161 Bird Box

by Josh Malerman, 2014

I’m not much of a horror genre reader, but I was intrigued when I heard so many people talking about Bird Box. Set in a world where mysterious creatures roam the earth, one must give up the sense of sight in order to stay sane. No one knows what the creatures are or what they look like, for every person who has set eyes on them has been driven mad, resulting in their violent end. We enter the story some four years after reports of gruesome attacks and ghastly suicides start flooding the news. The day has come when Malorie and her two children, known only as Boy and Girl, must leave their barricaded house and venture out into the world. It is a story as much about the breakdown of society and the lengths one would go to survive as it is about the suspense surrounding these horrific creatures.

The story switches back and forth between two timelines. In one we follow present-day Malorie as she musters up the courage to leave the house. Her goal is to make it to a boat where she will row down a river, blindfolded, hoping to make it to a recording that has promised to lead her to safety. She has trained the children’s aural abilities well – they can tell what page she’s landed on when she flips through a book and can determine her facial expression when she speaks – and she relies on them to alert her to any sounds of danger. Not knowing what these creatures look like or sound like, all must remain blindfolded and any sound could indicate the presence of a sinister being. Their passage down the river is as harrowing as can be imagined.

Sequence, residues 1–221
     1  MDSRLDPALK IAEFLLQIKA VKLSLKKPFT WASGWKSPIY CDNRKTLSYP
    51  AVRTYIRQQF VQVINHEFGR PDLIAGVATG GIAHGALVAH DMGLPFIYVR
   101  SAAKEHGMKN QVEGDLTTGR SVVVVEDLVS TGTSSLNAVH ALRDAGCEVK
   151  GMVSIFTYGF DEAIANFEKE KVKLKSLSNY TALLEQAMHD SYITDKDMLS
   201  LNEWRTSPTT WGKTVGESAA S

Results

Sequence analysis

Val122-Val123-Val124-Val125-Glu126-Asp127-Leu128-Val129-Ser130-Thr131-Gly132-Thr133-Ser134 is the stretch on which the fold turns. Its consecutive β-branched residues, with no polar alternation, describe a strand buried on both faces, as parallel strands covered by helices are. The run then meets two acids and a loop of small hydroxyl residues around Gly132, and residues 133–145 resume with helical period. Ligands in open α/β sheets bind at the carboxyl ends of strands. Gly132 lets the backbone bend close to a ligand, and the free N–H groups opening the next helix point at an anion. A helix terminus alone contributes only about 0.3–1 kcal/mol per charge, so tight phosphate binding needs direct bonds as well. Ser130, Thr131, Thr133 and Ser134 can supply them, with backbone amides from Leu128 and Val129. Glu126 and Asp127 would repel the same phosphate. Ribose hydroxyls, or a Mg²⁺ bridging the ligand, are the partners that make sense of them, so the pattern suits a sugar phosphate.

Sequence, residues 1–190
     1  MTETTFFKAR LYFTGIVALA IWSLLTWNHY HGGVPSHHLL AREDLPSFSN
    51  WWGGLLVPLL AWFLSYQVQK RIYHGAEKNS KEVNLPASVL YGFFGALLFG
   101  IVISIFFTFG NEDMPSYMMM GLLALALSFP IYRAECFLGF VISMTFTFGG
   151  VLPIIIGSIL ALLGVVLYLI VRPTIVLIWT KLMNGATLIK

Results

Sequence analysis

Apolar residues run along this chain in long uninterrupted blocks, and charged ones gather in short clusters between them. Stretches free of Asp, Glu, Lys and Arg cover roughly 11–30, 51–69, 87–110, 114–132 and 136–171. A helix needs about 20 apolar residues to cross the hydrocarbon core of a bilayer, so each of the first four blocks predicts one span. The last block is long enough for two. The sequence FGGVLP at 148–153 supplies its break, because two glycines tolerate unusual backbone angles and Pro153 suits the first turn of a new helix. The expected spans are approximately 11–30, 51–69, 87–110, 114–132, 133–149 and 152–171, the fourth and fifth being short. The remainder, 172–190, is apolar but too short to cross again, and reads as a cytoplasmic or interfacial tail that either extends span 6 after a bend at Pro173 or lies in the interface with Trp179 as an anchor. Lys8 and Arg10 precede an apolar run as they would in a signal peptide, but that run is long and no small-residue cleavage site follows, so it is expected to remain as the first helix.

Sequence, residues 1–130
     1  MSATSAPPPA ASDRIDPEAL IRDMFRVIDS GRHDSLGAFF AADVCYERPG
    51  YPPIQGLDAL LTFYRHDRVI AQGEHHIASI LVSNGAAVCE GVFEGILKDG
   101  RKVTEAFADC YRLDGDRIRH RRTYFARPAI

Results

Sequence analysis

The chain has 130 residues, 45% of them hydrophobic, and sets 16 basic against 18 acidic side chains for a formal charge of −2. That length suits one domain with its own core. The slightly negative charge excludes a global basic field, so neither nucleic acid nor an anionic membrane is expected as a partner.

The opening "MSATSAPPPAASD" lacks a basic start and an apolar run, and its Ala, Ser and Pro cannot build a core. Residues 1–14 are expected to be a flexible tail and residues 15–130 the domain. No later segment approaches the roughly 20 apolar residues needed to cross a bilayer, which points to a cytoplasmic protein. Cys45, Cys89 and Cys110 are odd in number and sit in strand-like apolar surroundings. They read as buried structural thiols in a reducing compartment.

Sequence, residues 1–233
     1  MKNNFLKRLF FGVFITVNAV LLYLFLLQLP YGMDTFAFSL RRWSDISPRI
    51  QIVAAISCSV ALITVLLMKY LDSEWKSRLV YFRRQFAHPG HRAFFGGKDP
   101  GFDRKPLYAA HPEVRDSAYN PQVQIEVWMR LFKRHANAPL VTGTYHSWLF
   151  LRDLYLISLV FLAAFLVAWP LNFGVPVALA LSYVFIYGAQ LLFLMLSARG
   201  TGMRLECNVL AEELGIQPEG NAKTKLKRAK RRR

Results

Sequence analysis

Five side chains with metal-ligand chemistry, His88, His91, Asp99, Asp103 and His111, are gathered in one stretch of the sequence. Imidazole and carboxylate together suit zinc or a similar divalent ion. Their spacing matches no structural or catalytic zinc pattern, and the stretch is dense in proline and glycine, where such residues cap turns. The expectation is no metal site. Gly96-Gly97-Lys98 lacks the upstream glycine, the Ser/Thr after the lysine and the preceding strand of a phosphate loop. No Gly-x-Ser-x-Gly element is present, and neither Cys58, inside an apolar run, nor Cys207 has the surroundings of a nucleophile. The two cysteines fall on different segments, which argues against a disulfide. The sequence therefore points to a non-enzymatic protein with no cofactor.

Interspersed with this journey is the story of before: before the creatures claimed dominion over the world, before people began gnawing on their neighbors and stabbing themselves with scissors. Some of the greatest tension in this book comes from the discrepancies between the before and the now. We meet Malorie when she is living with her sister, when she has just realized that she is pregnant, yet we know that four years later she is living alone, caring for two children, in a house stained by blood. I won’t describe any more of this, other than to say that Malerman effectively builds up the suspense by revealing, little by little, the events Malorie experiences. For much of the time we only know that how things were are not how things are, but we do not know what transpired to make this so.

This is one of the rare instances where I found myself putting aside everything else I was reading so I could race to the story’s end. This does not happen often for me, especially with a genre I don’t typically read, so it’s a credit to Malerman’s writing that I simply had to find out what would happen to Malorie. The end may have ultimately been a bit unsatisfying, but I enjoyed the process of reading it so much that I can’t discredit it too muchfor that. Any book that makes me audibly gasp while reading in public – it was an unexpected the-call-is-coming-from-inside-the-house!-type moment – has clearly done something right.

*I regret that my library did not have this available on audio! Now that I’ve acclimated to listening to audiobooks, I’m certain that the structure and subject matter of this book would make for an excellent listening experience. Additionally, I learned from the Book Riot podcast that this is being made into a movie with Sandra Bullock. I’m not sure how great this will be as a movie experience – there is so much in the story we don’t see – but you can bet I’ll watch it just the same.

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